[Gnso-epdp-team] Proposal Regarding Appendix C - Data Processing Requirements
kavouss.arasteh at gmail.com
Tue Sep 11 07:15:30 UTC 2018
Thank you very much for your comment on Appendix C and the analysis made on what sections/ paragraphs to be retained with or without amendments and which paragraphs/ sections to be deleted as well as your suggestion to add a new section
Having said that I wonder in making the analysis and suggesting a course f action you have also reviewed detailed analysis made by registry in Which they suggests to totally delete Appendix C arguing that many elements in that Appendix were taken or paraphrased parts of Articles 5 and 6 of GPDR with some anticipation of application of Article 28
While I fully agree with your argument that simple reference to Articles of GPDR is not sufficient as you have correctly given sound reasons ,I think we need to consider all proposals and reflect the most appropriate course of actions .
Perhaps Kurt may which to include few other persons collaborating with you to suggest a draft modification of that Appendix taking into account all received inputs including but not limited those from registry and registrar
Sent from my iPhone
> On 11 Sep 2018, at 03:52, Margie Milam <margiemilam at fb.com> wrote:
> With regard Appendix C- I was asked to explain why this Appendix should be retained, and identify whether there are sections that could be deleted. We think that some portions should be retained, some sections could be deleted, and, we propose one additional section.
> Rationale for Retention of Appendix C
> In general, Appendix C contains a commitment to processing personal data in accordance with the principles laid out in the Appendix that are not included elsewhere in the Temporary Specification. Some of these sections provide the specificity needed to apply GDPR to the different activities identified in the matrix. It’s not sufficient to say that the Appendix is not needed because the controllers/processors will simply comply with GDPR, because there are different interpretations of how GDPR applies to RDDS/WHOIS data. Keeping Appendix C will ensure that there is transparency and accountability for the broader ICANN community, as well as the registrants, regarding what is expected by controllers, processors, and third party accessors with legitimate purposes.
> Sections to Delete or Rewrite to be More Specific:
> I agree with James that some sections in Appendix C lack sufficient detail for how GDPR applies to RDDS/WHOIS, and seem to be merely recitals of GDPR. These could be deleted or be rewritten to be more specific. Examples are: Sections 3.1.1-3.1.6, 3.2, 3.3, 3.6, 3.7., 3.10 & 3.11.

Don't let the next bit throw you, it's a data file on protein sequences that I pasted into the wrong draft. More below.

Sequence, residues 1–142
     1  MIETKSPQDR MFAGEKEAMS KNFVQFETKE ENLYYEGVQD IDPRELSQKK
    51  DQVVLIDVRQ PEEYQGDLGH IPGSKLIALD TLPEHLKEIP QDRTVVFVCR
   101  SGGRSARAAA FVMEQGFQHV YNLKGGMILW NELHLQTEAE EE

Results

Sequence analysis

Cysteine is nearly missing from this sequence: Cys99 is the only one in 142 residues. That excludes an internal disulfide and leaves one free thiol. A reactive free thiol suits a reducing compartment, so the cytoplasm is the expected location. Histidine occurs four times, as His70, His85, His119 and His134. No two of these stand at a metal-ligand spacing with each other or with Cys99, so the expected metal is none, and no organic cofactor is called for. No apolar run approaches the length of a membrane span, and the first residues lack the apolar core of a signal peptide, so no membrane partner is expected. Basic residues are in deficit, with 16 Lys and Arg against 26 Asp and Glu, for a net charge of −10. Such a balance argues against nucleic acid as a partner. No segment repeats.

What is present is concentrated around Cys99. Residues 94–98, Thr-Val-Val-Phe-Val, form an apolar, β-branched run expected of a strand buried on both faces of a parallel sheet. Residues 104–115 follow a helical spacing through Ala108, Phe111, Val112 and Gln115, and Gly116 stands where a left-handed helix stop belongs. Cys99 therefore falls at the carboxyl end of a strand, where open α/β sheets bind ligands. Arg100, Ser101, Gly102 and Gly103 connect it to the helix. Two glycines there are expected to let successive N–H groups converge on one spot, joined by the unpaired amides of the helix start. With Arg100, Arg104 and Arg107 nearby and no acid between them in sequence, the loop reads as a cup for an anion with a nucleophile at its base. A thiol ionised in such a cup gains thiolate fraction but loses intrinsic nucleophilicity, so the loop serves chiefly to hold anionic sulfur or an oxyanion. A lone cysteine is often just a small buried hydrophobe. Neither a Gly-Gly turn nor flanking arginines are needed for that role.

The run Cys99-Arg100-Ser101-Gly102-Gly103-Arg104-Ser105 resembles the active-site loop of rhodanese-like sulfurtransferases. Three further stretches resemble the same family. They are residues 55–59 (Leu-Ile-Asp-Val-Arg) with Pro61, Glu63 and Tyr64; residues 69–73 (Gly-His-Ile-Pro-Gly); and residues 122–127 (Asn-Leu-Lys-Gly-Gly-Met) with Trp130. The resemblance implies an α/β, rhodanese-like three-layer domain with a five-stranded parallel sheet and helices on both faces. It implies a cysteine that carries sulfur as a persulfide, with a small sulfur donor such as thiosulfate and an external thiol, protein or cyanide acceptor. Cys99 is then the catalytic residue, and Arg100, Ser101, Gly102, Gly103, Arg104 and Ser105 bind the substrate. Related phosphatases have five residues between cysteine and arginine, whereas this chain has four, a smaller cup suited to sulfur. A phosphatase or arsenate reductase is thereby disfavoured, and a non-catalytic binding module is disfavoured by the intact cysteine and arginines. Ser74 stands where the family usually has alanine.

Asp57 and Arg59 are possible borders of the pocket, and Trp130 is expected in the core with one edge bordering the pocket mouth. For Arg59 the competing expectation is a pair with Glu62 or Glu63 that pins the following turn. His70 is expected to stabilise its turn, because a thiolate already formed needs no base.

> Sections to Retain:
> Section 1
> Section 2 – Replace it with something like – “processing will take place in accordance with the purposes described in Section 4 of the Temp. Spec.”
> Section 3 –
> 3.1 & 3.9: Replace references to GDPR with “applicable data protection law”
> Section 3.4 – ICANN should clarify what types of records should be maintained with regard to RDDS/WHOIS records
> Section 3.5 – Replace with a commitment to provide a standard notice to be developed by ICANN that is concise, transparent, plain language, etc. for RDDS/WHOIS.
> Section 3.8 – Delete the specific operational details in 3.8.1, but retain the high level principles in the first few sentences, ending the paragraph with “….alteration or disclosure.” In the implementation stage, ICANN should identify specific operational requirements appropriate for the RDDS/WHOIS data, and include them in the applicable contract.
> Additional Terms for Appendix C: There should be standard terms applicable to the Third parties who access non-public data, similar to requirements in Section 1. Just like RAA Section 3.7.7’s requirements for registration agreements with registrants, standard access agreement terms should be specified in the RAA to apply to the 3rd parties who access the data (specify their legitimate purposes for accessing the data, agree that they won’t use that data in a manner incompatible with those purposes, etc.). Without standard T&Cs, each controller/processer could come up with its own access agreement that is either too lax or too onerous.
> I’ll be happy to talk about this more tomorrow.
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